TOLEDO — Moccasin-clad feet stepped to the beat of pounding drums as an American Indian song echoed through the Toledo High School gymnasium Saturday.
War-painted men wearing feather headdresses and women adorned in bright, beaded jewelry sang and danced in traditional Native American dress during the 14th annual Pow Wow grand entry ceremony.
The Cowlitz Indian Tribe honored their heritage with the full-day of Pow Wow festivities.
“Our ancestors are here today to welcome you,” Tribal Chair William Iyall told the crowd in the packed gymnasium. “I’m proud to see the growth of this pow wow. It’s phenomenal.”
As mandated by tradition, veterans of military service, native and non-native alike, received recognition and handmade gifts following the grand entry.
“It’s a time of celebration,” said Roy Wilson, the Cowlitz spiritual leader, who gave a blessing in the Native tongue. “It’s not only a collective thing but an individual thing we’re all celebrating.”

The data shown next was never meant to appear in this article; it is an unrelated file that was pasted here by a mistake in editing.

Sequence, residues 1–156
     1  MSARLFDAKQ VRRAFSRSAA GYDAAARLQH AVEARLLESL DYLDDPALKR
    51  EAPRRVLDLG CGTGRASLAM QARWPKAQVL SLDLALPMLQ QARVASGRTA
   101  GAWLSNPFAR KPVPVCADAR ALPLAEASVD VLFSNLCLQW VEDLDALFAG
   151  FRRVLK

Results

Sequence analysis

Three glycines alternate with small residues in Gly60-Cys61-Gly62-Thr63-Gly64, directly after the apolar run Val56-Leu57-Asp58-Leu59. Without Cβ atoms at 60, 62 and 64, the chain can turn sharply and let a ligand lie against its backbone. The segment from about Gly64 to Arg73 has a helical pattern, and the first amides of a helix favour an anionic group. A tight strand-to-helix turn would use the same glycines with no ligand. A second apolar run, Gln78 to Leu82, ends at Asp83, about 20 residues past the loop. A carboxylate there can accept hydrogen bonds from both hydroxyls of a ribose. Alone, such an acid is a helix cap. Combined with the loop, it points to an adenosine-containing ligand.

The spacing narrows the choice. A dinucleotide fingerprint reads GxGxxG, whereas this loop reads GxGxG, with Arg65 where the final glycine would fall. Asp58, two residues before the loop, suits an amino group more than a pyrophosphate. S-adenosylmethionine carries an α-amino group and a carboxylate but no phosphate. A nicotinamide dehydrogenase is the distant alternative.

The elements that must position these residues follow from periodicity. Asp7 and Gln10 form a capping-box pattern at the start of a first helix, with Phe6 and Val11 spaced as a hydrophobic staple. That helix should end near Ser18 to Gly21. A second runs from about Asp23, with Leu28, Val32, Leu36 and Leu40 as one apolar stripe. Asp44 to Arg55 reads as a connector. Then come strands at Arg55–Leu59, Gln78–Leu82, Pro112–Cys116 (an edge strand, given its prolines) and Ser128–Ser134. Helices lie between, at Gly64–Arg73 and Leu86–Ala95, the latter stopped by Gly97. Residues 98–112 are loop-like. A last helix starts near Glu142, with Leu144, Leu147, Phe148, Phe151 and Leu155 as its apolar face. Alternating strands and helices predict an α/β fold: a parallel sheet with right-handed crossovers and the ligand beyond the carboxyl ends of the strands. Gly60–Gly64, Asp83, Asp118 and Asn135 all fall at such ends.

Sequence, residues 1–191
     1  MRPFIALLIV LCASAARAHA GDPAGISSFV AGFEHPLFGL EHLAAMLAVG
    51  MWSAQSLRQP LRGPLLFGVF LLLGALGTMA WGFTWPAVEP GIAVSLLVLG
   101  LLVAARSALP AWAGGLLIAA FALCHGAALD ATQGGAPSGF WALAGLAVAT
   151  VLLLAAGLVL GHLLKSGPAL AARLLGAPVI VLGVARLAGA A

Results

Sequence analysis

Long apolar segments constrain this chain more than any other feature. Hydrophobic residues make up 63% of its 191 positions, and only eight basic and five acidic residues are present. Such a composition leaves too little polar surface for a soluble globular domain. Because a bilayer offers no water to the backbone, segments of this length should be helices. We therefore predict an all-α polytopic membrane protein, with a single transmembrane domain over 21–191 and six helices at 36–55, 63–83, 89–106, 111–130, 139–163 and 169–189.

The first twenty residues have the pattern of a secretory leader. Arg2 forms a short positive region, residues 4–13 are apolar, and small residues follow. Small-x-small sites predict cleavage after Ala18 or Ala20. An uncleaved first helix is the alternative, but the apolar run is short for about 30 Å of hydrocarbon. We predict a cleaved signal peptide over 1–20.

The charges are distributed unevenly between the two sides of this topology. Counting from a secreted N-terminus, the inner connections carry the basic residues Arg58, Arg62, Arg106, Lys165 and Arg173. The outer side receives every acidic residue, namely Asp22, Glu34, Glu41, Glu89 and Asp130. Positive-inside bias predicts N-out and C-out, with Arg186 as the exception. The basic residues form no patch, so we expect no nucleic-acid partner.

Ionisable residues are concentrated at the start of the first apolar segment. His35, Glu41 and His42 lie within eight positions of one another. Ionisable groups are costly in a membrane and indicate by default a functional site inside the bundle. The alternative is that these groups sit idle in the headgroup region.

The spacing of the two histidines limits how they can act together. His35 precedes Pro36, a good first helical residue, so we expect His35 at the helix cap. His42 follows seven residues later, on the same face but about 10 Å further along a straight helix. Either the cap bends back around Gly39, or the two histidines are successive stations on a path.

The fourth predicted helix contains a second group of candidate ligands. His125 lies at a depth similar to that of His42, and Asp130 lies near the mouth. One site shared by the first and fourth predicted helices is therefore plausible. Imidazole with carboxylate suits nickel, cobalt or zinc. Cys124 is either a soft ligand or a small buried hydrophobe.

Kevin King and his wife, Jeanifer, of Rochester, served as head man and woman dancers at this year’s event.
“You gotta be good looking,” King joked.
King said the Cowlitz hope to continue growing the Pow Wow, which has decreased in size over the years.
This year, Wilson said, the tribe was expecting 2,000 to 3,000 people to attend various activities throughout the day.
“Pow Wows were done to bring people together,” said Hoot Mestetn, who came from Hermiston, Ore., to see family and friends.
Mestetn wore a homemade, traditional Native American outfit, which included a headdress and suede covering only certain parts around his waist, with a pair of hand-beaded, cobalt blue moccasins.
The event included many others, also dressed in full regalia, participating in dancing competitions, drumming contests and other activities held throughout the day.
The 2013 Cowlitz Canoe Junior Princess Cynthia Reck, of Battle Ground, said she competed for her title honor by catching and seasoning salmon.
“We have to be examples for the little ones,” the 8-year-old said.
Wilson, who carried the tribe’s talking stick, a staff adorned with deer antlers, rabbit fur and a crystal, to symbolize his role as a spiritual leadership, said the dancing brings about powerful emotion for him during the Pow Wow.
“For me it’s watching the little 4-year-old in full regalia dancing,” the 86-year-old tribal elder said. “It brings tears down my cheek.”
Amy Nile: (360) 807-8235